Validation of a Novel Sham Cervical Spinal Manipulation Procedure
Ho1: In chronic neck pain patients, randomly treated with either a "sham" or "real" cervical manipulation procedure, the probability of perceiving a Real Manipulation Procedure is equal to the probability of obtaining a Real Manipulation Procedure, AND, Ho2: Spinal tenderness will remain unchanged following the treatment procedure for both groups.
Secondary (null) hypotheses:
- Neck pain, cervical ranges of motion and paraspinal EMG responses to pressure pain will remain unchanged in both groups;
- there will be no differences between groups with respect to 2a) neck joint cavitations and 2b) forces across the cervical spine measured during the manoeuvres.
Chronic Neck Pain
|Official Title:||Validation of a Novel Sham Cervical Spinal Manipulation Procedure.|
- The perception by subjects as to whether they received a real treatment (YES/NO) [ Time Frame: 10 mins ] [ Designated as safety issue: Yes ]
- Change scores of the pressure algometry [ Time Frame: 10 mins ] [ Designated as safety issue: Yes ]
- Current Neck Pain, Ranges of Motion, MES Response will be analysed by comparing baseline, 15-and 120-minute score [ Time Frame: approximately 1 hours + ] [ Designated as safety issue: No ]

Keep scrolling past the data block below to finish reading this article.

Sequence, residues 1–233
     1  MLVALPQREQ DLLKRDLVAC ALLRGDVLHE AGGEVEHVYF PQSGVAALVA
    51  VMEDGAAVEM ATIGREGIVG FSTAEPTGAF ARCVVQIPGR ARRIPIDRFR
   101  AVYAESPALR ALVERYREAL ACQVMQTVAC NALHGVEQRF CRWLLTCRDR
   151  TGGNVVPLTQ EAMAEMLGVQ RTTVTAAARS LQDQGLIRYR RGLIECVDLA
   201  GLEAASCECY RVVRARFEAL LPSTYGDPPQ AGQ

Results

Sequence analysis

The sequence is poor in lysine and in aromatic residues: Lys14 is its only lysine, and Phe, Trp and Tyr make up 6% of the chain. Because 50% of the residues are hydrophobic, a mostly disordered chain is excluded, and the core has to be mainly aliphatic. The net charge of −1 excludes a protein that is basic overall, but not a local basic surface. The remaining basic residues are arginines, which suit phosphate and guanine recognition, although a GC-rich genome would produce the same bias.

|Study Start Date:||February 2009|
|Study Completion Date:||October 2010|
|Primary Completion Date:||October 2010 (Final data collection date for primary outcome measure)|
- Develop a randomized controlled clinical trial design to optimize the testing of the effects of a sham vs real cervical manipulation.
- Use novel modifications of both a sham a real manipulation to create "procedures" designed to optimize group equivalence in the RCT design. Then, evaluate the accuracy of 'patient post-treatment perception of treatment type' versus actual administered treatment (primary outcome #1).
- Quantitatively evaluate group differences in local soft-tissue tenderness by algometry (primary outcome #2), as well as changes in self-reported neck pain, ranges of motion, myoelectric responses in selected neck muscles and forces imparted during the procedures.
- Evaluate the occurrence of neck joint cavitation during the manoeuvres comprising these procedures.
Please refer to this study by its ClinicalTrials.gov identifier: NCT00978094
|Canadian Memorial Chiropractic College|
|Toronto, Ontario, Canada, M2H 3J1|
|Principal Investigator:||Howard Vernon, BA, DC, PhD, FCCS, FCCRS||CMCC|